An image taken by Russian cosmonaut Ivan Vagner from the International Space Station shows about twenty recreational vessels sailing to the Crew Dragon capsule minutes after their landing in the Gulf of Mexico. SpaceX said it was not his job to alienate the curious, and the Coast Guard defended himself arguing that he had no formal authority to prevent boaters from invading the area. The show was embarrassing.
After 64 days in orbit, NASA astronauts Bob Behnken and Doug Hurley returned to Earth in SpaceX’s Crew Dragon capsule. It was the first time that a private company had completed a manned space flight, and the first time since the 1975 Apollo-Soyuz mission that a US spacecraft re-entered the water. The capsule landed in the Gulf of Mexico, 63 kilometers from Pensacola, because the east coast of Florida was threatened by tropical storm Isaías.
With winds of 4 km / h and waves of 30 centimeters, the conditions were ideal for landing, but the calm, blue ocean also attracted recreational boats. According to him New York TimesThe Coast Guard deployed a 26-meter patrol boat four hours before the event to deter curious onlookers. She also sent out a radio broadcast two hours before the dip.
“With the limited resources available to us and without formal authority to establish zones that prevent seafarers from entering the area, numerous seafarers ignored requests from the Coast Guard crew and decided to invade the area, putting themselves and involved in the operation at risk, ”Petty Officer John Michelli told the newspaper.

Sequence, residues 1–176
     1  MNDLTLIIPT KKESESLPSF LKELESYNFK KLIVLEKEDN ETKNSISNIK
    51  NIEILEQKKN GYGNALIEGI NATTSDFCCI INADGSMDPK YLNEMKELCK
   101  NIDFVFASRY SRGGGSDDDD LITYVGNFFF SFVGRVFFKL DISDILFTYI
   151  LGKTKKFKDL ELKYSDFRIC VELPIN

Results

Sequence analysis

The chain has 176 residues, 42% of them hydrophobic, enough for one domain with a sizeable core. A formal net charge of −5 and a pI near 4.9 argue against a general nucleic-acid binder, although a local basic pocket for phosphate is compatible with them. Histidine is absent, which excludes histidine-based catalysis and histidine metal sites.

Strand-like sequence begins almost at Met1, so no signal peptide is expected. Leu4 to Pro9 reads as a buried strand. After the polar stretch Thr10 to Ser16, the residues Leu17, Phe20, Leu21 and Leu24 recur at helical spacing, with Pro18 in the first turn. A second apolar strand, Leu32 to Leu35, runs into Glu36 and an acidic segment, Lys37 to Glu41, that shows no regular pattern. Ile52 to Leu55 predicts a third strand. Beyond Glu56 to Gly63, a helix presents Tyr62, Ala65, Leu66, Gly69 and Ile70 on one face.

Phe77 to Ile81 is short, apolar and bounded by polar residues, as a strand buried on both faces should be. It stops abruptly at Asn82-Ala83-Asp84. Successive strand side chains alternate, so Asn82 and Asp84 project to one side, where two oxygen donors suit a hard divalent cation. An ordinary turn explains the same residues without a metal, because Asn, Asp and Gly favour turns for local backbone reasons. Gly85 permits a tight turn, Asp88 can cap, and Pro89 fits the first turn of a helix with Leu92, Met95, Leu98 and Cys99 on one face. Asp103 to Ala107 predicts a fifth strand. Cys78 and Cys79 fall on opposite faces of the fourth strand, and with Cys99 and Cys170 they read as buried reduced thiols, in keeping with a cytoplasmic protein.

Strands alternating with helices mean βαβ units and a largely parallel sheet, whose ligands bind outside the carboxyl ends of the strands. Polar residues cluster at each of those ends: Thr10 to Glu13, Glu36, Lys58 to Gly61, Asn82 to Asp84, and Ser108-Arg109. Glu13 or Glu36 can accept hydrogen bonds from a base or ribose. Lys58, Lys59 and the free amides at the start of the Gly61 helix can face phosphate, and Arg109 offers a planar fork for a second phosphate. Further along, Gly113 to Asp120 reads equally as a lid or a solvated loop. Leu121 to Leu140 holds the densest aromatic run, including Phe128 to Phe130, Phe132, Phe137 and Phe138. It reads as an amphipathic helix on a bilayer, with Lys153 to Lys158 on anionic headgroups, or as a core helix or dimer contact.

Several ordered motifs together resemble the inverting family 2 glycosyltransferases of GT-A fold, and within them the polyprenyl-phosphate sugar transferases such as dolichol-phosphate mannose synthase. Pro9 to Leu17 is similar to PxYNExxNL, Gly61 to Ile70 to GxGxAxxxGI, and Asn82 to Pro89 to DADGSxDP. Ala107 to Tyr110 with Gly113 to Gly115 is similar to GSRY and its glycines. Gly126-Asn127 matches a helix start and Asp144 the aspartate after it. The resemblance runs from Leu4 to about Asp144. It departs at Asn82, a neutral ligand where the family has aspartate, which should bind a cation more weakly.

About twenty small boats were seen a few meters from the capsule while the SpaceX rescue team checked the ship while waiting for the GO Navigator to take it out of the water. One of the ships appeared in the foreground on NASA’s live broadcast waving a Donald Trump campaign flag. These navigators could have been a hindrance in an emergency, but they also put their own health at risk by not taking into account that the ship’s propellants could expel toxic fumes, something that was demonstrated minutes later aboard the GO Navigator, when the The SpaceX team decided to delay the opening of the Crew Dragon’s hatch by verifying that the toxic gas levels were not yet at zero.
“The team we had deployed there was focused on Bob and Doug being put on the ship and safely removed from the capsule, it was not their job to patrol the area, we had the coast guard for that,” said Gwynne Shotwell, president. and chief operating officer of SpaceX, at a press conference. “But the lesson learned here is that we probably need more resources from the Coast Guard, and maybe more resources from SpaceX and NASA as well.”
The Coast Guard announced a “comprehensive review” of the situation with NASA and SpaceX. “This lack of respect for safety is something that the Coast Guard takes very seriously,” Michelli told The Verge, arguing that the area was “off the waterways of the United States” and it would have taken a lot of resources to make all ships turn around.